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Home / The Sunday Afternoons Blog / New Zealand Field Report



By Jenn Byrne for Sunday Afternoons

December 3rd, 2018

New Zealand has no shortage of activities and variety in landscapes, and boy did we cover some ground in order to accomplish as much as we could in the five weeks we were there. We drove the length of the country from Auckland to the Milford Sound and back, a distance of over 2,000+ miles. By the end of it, I’m pretty sure my pal Ryan was more comfortable driving on the left than the right side of the road, although at the beginning it took a few reminders through clenched teeth. Over the course of our trip, we went on five multi-day tracks. The tracks, as they call them, are well established paths or routes taken by foot, canoeing or kayaking. A few of them were deemed “Great Walks,” premier tracks through arguably some of the best scenery the country has to offer.

Ryan wearing the Shorebreak Artist Series Trucker Cap, holding a map pointing into the distance with emerald green lakes in the background of the Tongariro Northern Circuit.

Ryan navigating the Tongariro Northern Circuit.

Ryan enjoying a dehydrated backpaker mela while wearing the Shorebreak Artist Series Trucker Cap

Ryan pretending to enjoy a dehydrated meal, but really he was just enjoying the view.

Picture of Mount Ngauruhoe through a steamed window....very artistic shot.

The Tongariro Northern Circuit circumnavigates Mount Ngauruhoe, and a hut we stayed in along the way offered quite the view of it.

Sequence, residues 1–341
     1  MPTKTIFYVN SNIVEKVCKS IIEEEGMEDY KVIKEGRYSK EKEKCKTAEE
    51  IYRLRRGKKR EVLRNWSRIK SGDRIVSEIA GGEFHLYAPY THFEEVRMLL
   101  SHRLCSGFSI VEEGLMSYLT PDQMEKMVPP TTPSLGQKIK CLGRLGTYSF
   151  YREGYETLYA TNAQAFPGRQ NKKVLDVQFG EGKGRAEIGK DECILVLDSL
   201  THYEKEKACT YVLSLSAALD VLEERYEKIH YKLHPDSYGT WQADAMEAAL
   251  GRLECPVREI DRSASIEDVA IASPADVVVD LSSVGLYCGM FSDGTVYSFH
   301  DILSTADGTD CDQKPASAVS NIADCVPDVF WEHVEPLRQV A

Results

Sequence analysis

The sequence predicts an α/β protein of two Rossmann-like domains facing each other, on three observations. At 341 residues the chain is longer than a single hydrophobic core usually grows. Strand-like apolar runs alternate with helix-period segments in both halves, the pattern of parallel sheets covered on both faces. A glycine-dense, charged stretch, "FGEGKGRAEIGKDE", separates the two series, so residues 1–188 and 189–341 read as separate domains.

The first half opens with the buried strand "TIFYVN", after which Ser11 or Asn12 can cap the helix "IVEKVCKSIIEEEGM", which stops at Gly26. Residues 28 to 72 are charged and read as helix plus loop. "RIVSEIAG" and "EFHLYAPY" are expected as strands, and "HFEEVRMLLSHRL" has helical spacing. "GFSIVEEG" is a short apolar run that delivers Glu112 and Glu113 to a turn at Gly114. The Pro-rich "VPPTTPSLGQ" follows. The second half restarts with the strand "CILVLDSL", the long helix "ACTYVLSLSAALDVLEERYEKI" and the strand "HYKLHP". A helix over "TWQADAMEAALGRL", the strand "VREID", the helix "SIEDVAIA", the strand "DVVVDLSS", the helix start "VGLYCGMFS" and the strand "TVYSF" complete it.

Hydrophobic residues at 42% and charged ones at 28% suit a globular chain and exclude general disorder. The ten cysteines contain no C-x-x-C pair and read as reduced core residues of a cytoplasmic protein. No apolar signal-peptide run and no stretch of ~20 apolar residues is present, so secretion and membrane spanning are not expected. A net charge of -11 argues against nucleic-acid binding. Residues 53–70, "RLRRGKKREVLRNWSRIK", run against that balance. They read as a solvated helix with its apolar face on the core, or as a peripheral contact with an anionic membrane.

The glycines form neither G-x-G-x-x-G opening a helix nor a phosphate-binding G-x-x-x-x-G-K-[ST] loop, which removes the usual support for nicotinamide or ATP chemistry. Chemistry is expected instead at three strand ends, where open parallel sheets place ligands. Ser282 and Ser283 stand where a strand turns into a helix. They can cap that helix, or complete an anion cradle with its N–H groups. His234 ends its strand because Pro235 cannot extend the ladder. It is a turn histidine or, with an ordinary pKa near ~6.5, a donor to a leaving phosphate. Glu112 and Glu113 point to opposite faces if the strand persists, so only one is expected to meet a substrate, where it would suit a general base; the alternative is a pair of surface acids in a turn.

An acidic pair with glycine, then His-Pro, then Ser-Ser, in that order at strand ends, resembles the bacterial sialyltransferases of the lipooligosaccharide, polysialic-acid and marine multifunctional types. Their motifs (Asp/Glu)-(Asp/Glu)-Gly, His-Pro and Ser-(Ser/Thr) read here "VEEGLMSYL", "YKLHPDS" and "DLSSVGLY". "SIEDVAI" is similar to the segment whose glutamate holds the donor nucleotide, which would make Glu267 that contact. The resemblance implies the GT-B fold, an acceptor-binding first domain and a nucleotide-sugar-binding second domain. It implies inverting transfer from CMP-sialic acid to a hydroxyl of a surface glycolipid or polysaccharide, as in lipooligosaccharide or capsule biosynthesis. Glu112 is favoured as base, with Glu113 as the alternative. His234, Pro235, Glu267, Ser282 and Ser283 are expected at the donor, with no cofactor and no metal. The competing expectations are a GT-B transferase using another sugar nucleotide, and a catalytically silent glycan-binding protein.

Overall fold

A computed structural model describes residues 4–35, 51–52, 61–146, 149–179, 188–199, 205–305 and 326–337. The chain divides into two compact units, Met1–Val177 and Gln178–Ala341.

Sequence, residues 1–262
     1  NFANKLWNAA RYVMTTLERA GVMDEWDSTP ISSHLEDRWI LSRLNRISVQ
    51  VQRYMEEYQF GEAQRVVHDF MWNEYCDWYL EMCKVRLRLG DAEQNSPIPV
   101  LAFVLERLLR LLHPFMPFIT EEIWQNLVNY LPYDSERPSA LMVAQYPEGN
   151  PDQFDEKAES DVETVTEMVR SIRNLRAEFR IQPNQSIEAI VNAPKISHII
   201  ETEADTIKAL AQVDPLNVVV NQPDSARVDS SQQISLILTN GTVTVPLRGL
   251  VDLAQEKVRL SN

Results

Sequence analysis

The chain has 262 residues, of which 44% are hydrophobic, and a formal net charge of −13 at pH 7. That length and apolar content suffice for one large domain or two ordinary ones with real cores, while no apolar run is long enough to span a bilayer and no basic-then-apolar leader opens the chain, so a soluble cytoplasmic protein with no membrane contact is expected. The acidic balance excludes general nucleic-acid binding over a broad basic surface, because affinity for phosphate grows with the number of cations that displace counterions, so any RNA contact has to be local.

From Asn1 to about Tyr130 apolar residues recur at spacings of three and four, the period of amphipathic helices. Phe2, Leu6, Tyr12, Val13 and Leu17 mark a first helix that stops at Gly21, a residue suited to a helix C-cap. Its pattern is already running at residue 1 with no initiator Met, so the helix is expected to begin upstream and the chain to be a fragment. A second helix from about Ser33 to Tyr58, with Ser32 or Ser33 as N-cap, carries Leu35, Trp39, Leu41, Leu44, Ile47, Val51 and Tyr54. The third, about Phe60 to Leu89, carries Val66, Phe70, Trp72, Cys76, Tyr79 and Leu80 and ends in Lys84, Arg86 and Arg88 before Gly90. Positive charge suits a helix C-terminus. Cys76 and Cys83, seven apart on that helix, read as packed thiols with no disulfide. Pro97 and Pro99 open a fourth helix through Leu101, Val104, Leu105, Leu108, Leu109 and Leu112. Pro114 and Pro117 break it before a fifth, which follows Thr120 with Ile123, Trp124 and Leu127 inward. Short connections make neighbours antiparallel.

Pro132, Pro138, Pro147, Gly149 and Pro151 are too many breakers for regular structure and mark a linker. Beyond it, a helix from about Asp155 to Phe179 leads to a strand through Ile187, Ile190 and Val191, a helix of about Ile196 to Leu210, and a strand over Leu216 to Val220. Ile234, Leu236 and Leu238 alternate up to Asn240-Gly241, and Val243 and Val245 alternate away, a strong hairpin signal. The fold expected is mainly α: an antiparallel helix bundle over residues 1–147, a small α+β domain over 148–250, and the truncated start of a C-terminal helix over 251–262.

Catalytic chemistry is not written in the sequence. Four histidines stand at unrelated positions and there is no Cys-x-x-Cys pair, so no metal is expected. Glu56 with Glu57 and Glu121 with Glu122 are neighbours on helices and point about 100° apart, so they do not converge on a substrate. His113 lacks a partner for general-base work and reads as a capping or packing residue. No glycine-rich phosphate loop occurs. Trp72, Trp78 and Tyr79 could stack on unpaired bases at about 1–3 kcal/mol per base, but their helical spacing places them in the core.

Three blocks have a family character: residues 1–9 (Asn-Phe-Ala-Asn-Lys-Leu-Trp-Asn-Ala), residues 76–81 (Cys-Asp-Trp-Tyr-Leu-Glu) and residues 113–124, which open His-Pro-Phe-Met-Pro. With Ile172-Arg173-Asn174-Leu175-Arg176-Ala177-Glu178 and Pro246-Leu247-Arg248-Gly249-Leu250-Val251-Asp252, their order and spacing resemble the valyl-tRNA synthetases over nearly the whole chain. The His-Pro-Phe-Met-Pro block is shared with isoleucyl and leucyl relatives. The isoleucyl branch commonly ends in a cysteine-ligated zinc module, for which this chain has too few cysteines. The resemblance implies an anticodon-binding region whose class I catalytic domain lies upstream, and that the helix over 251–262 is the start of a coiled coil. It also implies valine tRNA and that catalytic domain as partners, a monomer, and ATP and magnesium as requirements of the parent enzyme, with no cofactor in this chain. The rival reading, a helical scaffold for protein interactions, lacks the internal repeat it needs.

Ryan bailing water from a recently capsized canoe on the Whanganui Great Walk while wearing the Cruiser Wide Brimmed Hat

We proved we were better hikers than canoers fairly quickly on the Whanganui Journey Great Walk. Ryan cleared our canoe of any water we had already taken on, and then we faced our first rapid—and there was no saving us from capsizing.

Ryan taking a snooze on a rock in the middle of a pristine lake while wearing the Shorebreak Artist Series Trucker Cap. Amazing view mountains of the Routeburn Track Great Walk.

Ryan taking a nap after completing the Routeburn Track Great Walk in nearly a day.

The bright red Brewster Hut on a grassy hill side with snow covered peaks peering through overcast skies

The Brewster Hut was not considered a Great Walk but was certainly one of my favorite overnights on the trip. The track was a treacherous incline where you had to use tree roots to hoist yourself up for nearly an hour and a half.

A couple playing cards on a wood table in the Brewster hut while zipped up in their sleeping bags and wearing the Overtime and Neptune beanies. Looks cold!

We were rewarded with great views, solitude in the hut, and even better company.

2 women jumping off a rock sculpted by water with a small tree growing out of the top in the ocean wearing hats and bathing suits.

Cooling off by jumping off a sea stack shortly after leaving shore for our three-day trip.

Jenn Byrne and Ryan toasting to a trip well done while wearing the Woodlands Artist Series Trucker Cap and the Aerial Cap. Pretty neat metal sculpture in the background.

Having a pint at Awaroa Lodge, a hotel accessible only by foot, boat or helicopter, inside Abel Tasman’s National Park. It is situated just before a tidal crossing, so we conveniently had some time to kill. (PS: that’s me!)

Picture of a forest and swimming hole from behind a small water fall.

Spending the last of our days with shorter day hikes and more mileage by car.

Pro-tip: Book your bunks in huts and/or campsites on the Great Walks early. They often sell out!



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